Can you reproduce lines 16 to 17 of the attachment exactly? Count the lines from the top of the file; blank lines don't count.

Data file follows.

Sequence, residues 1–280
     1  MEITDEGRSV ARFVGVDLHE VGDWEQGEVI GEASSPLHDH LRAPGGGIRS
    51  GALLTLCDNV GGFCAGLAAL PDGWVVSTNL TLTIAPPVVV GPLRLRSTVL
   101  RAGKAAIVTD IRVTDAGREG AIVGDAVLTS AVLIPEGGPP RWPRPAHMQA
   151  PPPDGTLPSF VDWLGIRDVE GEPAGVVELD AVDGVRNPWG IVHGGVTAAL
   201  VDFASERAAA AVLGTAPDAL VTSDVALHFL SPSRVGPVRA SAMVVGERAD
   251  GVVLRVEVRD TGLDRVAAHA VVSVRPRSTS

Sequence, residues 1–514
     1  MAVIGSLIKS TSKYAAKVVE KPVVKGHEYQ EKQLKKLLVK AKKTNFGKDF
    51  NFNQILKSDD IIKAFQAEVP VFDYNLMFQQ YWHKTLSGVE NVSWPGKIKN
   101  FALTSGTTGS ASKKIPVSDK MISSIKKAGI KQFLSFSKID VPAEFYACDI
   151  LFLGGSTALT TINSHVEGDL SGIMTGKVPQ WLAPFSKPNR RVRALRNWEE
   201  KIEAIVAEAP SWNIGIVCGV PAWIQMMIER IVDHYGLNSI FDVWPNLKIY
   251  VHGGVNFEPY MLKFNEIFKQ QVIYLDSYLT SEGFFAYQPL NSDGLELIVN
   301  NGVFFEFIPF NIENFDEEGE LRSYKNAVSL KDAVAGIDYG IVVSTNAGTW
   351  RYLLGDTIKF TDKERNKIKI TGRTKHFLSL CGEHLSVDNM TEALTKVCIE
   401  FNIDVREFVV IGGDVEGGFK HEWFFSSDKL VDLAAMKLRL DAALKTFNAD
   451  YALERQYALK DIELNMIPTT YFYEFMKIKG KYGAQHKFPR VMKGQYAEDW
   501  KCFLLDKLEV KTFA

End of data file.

   351  RYLLGDTIKF TDKERNKIKI TGRTKHFLSL CGEHLSVDNM TEALTKVCIE
   401  FNIDVREFVV IGGDVEGGFK HEWFFSSDKL VDLAAMKLRL DAALKTFNAD